Rabbi Mosbacher's Address to Shaaray Tefila

On Thursday, February 4, 2016, the Congregation of Shaaray Tefila unanimously elected Rabbi Joel M. Mosbacher to the position of Senior Rabbi effective July 1. 

Baruch atah Adonai Eloheinu melech ha’olam shehecheyanu, v’kiyamanu, v’higiyanu lazman hazeh. 

It is a great joy for me to be here with all of you on this momentous occasion. I am so glad that my wife Elyssa, and my sons Ari and Lev are here with me tonight; you have already begun to make them feel as welcome as you have made me. Although you’ve called me to be your next senior rabbi, you have to know that my family grounds me, keeps me honest, and gives me the strength and purpose to do what I do.

I’d like to express my deepest thanks to the entire search committee, led so ably by Lois Nyren. This is a team that worked hard through thick and thin for nearly two years to bring us to this moment. I am grateful to you for your warm embrace and your hard work; I know that all of the members of this congregation are grateful to you for your service, as well. And, too, I know that your family and loved ones are grateful to have you BACK after the endless meetings and commitments that come with being a part of such an intensive process.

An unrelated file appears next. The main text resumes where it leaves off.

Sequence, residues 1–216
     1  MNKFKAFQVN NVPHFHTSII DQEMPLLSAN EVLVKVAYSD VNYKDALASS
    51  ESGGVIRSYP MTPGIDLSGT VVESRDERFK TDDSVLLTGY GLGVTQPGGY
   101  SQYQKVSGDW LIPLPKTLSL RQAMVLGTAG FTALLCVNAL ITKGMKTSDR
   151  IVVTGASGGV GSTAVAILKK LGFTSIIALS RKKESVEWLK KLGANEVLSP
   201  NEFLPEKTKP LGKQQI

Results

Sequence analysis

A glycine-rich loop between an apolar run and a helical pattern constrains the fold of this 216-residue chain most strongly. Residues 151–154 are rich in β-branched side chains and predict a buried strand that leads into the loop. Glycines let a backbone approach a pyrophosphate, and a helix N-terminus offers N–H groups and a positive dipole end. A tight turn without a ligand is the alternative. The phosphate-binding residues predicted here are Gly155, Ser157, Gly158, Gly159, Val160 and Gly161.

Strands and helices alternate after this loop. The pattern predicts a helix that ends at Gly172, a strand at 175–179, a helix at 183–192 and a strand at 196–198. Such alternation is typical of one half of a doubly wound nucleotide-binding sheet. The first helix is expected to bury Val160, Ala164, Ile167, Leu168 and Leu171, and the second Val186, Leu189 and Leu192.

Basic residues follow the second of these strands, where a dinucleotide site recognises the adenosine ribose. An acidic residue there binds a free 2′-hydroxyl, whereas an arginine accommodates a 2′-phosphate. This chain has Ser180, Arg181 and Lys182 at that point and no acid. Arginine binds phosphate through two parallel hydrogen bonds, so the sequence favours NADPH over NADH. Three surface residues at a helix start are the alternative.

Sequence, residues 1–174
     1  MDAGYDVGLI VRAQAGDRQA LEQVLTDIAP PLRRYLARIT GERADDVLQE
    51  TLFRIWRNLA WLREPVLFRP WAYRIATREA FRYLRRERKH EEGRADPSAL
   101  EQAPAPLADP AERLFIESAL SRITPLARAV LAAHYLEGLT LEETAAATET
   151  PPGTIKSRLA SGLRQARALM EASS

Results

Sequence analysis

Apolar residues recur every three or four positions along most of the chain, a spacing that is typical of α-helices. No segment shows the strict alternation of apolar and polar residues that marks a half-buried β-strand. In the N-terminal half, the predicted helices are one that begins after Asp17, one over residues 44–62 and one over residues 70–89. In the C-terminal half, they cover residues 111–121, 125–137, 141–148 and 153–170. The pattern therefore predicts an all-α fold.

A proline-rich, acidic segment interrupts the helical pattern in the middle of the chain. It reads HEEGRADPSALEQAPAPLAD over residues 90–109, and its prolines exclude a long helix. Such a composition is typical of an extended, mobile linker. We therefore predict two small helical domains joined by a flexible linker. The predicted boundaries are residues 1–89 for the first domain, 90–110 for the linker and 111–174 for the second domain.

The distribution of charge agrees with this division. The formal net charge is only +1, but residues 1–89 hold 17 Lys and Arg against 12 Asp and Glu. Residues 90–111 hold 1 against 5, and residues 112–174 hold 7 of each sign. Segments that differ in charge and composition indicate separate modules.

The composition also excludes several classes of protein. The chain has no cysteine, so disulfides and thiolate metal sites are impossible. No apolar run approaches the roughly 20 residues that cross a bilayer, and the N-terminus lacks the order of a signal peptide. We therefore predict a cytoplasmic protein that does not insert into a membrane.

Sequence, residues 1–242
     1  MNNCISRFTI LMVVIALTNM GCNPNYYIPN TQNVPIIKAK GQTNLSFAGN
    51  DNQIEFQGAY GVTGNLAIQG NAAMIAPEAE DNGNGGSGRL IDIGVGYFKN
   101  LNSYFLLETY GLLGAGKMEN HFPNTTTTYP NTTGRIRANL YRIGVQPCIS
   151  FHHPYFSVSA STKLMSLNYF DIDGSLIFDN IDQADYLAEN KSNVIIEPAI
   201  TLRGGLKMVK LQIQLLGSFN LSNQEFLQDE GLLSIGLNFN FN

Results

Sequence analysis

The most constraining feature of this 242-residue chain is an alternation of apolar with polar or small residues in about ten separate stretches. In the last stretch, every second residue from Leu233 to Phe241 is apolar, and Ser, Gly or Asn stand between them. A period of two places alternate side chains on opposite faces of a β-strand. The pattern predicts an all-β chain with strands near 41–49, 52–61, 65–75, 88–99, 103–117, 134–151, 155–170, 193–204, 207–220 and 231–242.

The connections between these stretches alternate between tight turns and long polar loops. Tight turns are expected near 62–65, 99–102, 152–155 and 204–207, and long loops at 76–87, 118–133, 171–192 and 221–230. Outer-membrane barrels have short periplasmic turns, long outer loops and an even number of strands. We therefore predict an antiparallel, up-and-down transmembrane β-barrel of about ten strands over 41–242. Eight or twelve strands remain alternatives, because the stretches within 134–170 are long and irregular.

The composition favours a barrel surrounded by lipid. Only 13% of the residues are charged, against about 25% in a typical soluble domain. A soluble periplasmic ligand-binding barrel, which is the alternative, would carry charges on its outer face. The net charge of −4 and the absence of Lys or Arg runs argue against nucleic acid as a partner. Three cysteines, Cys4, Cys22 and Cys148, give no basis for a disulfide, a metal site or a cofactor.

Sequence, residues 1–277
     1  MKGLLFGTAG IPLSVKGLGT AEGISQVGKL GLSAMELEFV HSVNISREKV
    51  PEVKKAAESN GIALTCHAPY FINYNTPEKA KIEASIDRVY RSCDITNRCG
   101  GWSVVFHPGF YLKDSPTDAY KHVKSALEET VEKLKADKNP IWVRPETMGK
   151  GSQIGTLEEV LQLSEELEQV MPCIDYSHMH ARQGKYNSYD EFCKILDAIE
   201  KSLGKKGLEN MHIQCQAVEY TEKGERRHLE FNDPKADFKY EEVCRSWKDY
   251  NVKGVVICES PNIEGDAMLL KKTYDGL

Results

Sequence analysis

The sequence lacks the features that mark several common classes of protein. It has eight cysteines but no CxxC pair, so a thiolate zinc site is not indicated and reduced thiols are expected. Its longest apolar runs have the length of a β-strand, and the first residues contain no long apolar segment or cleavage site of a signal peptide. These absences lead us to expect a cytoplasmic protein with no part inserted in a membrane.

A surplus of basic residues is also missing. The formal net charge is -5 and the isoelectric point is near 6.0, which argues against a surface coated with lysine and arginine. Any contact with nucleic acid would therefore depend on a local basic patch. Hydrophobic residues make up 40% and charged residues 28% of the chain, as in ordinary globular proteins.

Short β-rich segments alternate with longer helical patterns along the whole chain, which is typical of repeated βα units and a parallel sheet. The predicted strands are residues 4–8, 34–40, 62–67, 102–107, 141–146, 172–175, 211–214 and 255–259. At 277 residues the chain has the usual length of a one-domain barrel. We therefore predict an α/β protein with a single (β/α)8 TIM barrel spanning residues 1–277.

And we would simply not be in this place without the leadership of Michael Starr. Michael, your commitment to the well-being of Shaaray Tefila is profound and inspiring. You have guided this great congregation through a time of tremendous change, and though that may not have been what you signed on for, you have been just the leader that the community needed for this time. For all you have done, for all that you will do, we are so deeply grateful.

Thanks, too, to Rabbi Hirsch, who has served this congregation with such distinction. Rabbi Hirsch, you have played many roles in this congregation and more broadly for the Jewish people. I thank you for your collegiality, your friendship, and your support. This congregation owes you a huge debt of gratitude for the grace and strength you have shown during this time of transition. You and Carole mean so much to this community, and you always will. You are a rabbi’s rabbi, and I am honored to call you one of my rabbis.